3. Well, it’s 10:45 on the east coast–but not yet for you! I’m quite sure all will go very well–can’t wait to hear the updates!!!


  4. You’re going to be great, Lisa. The great thing about working with this age of kids is that they can handle a lot of “meat” and real conversation about writing. Just keep them challenged and they’ll love you!


  5. Lisa, I love your plot chart! I once heard the orchestra conductor Benjamin Zander give a lecture about a piece for which he handed out a chart very much like yours (except a lot messier). It was riveting–as you will be!


  6. Sounds like a wonderful opportunity! From the looks of those index cards and having read your previous blog posts, I’m sure you’ll be well prepared. The nice thing about teaching a writing class is that it’s best done by giving the students time to do exercises on their own and then share, making it less necessary for you to fill up every minute. Let us know how it goes!


  7. Great post–I’m facing some similarly great-but-daunting opportunities myself, so this all sounds eerily familiar. I’m relieved and happy to know I’m not alone. I’m sure that you will rock–keep us posted!


  8. J. Anderson Coats

    I agree with Jeanne Ryan – make the kids do all your work for you! If you’re feeling really mean, make them draw plot charts.


  9. Mike Jung

    Teaching really is a great way to learn stuff, isn’t it? If only to avoid making yourself look like a total idiot. Which you WON’T do, by the way – I’m 236% confident that you’ll rock the house!


  10. Thanks, y’all! IIt’s so nice you have confidence in me–made me smile! It went well, I think. It’s kind of interesting how you don’t really know for sure, though. I have ten very intelligent students, which is such a great thing. I am hoping to make it more lively tomorrow. ..time to break out the Brownie Bites. I think what we’re missing is sugar.


  11. I’m sure you will do great. Funny thing, I am a teacher but am a little afraid of school visits–a very different animal to give a presentation to a bunch of wiggly middle schoolers instead of teaching my subject area to a bunch of college students. I think a week long writing camp would be a blast, though! The big thing is to be genuine in front of students, and to respect their intelligence. If they see you respect them, they are usually very willing to respect you in return. And the great thing about a group like you have is that they are there because they want to be–they are eager to receive your knowledge. I am sure you will do well, and they will learn a lot! Can’t wait to hear how it went after the week is over. I hope you will do another post to tell us what you learned, what went well, and what you would change (I think a person should always teach the same class twice, because you learn a lot about what works and doesn’t work the first time through.)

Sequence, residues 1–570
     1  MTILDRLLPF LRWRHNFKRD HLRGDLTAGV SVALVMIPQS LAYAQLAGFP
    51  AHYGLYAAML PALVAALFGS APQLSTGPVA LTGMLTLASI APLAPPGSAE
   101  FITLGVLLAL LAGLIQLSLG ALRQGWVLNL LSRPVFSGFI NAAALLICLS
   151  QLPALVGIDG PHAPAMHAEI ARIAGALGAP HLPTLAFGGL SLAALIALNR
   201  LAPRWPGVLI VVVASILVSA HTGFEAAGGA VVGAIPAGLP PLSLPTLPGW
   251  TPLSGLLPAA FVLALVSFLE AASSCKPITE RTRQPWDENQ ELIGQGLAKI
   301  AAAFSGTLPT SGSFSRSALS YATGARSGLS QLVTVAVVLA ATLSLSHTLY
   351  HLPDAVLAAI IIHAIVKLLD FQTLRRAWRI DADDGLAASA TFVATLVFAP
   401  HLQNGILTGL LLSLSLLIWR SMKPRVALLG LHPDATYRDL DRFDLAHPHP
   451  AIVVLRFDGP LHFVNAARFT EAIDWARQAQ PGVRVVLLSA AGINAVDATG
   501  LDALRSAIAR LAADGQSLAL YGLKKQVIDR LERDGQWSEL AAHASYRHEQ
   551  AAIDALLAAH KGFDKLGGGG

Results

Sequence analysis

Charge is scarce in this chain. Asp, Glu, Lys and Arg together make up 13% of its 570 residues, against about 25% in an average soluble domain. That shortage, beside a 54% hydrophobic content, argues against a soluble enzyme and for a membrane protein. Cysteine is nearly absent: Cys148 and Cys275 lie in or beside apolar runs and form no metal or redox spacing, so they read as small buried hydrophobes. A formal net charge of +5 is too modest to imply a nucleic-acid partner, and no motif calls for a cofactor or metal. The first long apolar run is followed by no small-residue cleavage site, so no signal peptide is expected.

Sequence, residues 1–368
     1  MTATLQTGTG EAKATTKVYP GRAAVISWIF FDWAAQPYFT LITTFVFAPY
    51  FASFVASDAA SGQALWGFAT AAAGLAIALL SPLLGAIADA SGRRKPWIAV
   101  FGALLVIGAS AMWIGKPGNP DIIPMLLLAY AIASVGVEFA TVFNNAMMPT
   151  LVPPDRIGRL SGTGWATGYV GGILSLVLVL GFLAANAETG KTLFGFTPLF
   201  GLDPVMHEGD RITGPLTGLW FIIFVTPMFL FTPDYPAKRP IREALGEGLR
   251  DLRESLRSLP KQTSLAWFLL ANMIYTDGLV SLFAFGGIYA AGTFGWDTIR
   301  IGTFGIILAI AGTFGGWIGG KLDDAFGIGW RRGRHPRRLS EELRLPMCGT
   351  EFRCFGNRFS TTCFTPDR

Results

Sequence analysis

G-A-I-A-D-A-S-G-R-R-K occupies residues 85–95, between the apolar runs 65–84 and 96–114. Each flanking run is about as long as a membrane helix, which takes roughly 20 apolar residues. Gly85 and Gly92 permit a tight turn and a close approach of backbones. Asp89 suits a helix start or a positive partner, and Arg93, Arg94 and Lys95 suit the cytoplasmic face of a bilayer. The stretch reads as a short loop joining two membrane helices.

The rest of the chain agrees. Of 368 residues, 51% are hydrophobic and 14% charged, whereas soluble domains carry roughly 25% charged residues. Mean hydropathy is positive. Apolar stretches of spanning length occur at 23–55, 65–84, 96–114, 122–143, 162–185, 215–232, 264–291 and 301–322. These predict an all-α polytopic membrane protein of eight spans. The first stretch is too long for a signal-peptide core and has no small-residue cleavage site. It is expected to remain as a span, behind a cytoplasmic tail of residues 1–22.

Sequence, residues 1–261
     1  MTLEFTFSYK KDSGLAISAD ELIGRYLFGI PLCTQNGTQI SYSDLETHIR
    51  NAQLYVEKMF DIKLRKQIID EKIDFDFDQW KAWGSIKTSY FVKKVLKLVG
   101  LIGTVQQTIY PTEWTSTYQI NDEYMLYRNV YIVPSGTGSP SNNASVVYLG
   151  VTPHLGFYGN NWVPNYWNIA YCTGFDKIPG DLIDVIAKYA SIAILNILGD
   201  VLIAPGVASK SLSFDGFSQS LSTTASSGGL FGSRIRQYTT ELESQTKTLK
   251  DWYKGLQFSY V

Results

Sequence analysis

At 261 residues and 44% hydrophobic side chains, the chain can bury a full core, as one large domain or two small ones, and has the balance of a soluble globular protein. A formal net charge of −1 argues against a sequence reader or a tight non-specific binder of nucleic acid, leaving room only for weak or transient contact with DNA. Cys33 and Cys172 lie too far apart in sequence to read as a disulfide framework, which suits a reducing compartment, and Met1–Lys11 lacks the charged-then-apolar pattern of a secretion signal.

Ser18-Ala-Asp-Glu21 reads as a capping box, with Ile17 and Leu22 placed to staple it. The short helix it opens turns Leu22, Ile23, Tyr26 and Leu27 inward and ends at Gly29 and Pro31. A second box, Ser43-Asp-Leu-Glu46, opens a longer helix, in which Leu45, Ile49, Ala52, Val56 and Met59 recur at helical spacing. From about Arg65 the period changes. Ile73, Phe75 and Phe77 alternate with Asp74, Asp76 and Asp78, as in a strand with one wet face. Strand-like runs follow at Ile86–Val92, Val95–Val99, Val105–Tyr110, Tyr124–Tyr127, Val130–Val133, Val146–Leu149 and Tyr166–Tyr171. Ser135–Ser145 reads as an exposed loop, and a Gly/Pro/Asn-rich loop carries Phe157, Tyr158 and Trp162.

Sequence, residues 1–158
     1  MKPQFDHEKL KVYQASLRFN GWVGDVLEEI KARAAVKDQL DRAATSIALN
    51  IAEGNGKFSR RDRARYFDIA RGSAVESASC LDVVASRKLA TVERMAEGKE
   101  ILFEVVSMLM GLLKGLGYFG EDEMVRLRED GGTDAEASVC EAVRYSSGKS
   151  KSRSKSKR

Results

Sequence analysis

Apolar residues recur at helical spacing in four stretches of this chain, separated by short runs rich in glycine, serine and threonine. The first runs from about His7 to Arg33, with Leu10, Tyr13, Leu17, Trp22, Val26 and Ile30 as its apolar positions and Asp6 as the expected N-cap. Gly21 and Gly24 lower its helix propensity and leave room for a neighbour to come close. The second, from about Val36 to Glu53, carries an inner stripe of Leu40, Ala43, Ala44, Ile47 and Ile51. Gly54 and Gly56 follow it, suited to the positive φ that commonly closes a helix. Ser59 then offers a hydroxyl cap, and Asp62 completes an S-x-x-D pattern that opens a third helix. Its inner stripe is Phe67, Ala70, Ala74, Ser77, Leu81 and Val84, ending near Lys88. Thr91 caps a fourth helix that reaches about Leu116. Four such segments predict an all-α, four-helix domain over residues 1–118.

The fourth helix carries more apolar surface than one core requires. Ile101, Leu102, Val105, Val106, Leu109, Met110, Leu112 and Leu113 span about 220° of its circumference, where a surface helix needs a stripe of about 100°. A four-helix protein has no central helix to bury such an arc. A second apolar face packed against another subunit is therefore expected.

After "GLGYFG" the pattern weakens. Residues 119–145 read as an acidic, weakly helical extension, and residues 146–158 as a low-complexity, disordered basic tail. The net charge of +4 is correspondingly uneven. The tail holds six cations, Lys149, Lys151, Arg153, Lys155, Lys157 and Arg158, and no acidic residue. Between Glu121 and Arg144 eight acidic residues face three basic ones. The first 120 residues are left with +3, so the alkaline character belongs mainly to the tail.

12. Pingback: My Former Life: An Apple Versus an Orange Versus a Wombat | EMU's Debuts

  13. I just taught a five week creative writing workshop, two two-hours sessions each week, one for rising 6-7 graders and one for rising 8-9th. As someone who has never been a teacher, it taught ME so much about both teaching and writing. I just got the evaluation summary back and it’s been very instructive in terms of what made the most impact on the kids (the sensory exercise won hands down) and I hope to be able to teach more of these because talking about the writing process to them made me more focused and aware when I went back to doing it myself.


  14. Lisa, with your bubbly personality, I’m not surprised at all that it went well. And with the addition of Brownie Bites–c’mon! What’s not to love?? 🙂

    I feel the same way Jeannie does–although I’m a teacher, I’m still trying to wrap my head around how I’ll do with school author visits. Sarah, great idea to have an evaluation–great way to get feedback to tweak future presentations.


  15. L.B. Schulman

    OMG, I was away in L.A. at SCBWI conference when I got the call that a photographer took a picture of me teaching my camp and put it on the front page of the newspaper in an article about the center closing where my camp was being taught. How fun!! http://www.marinij.com/portlet/article/html/render_gallery.jsp?articleId=18618428&siteId=234&startImage=3 Thought I’d share with y’all.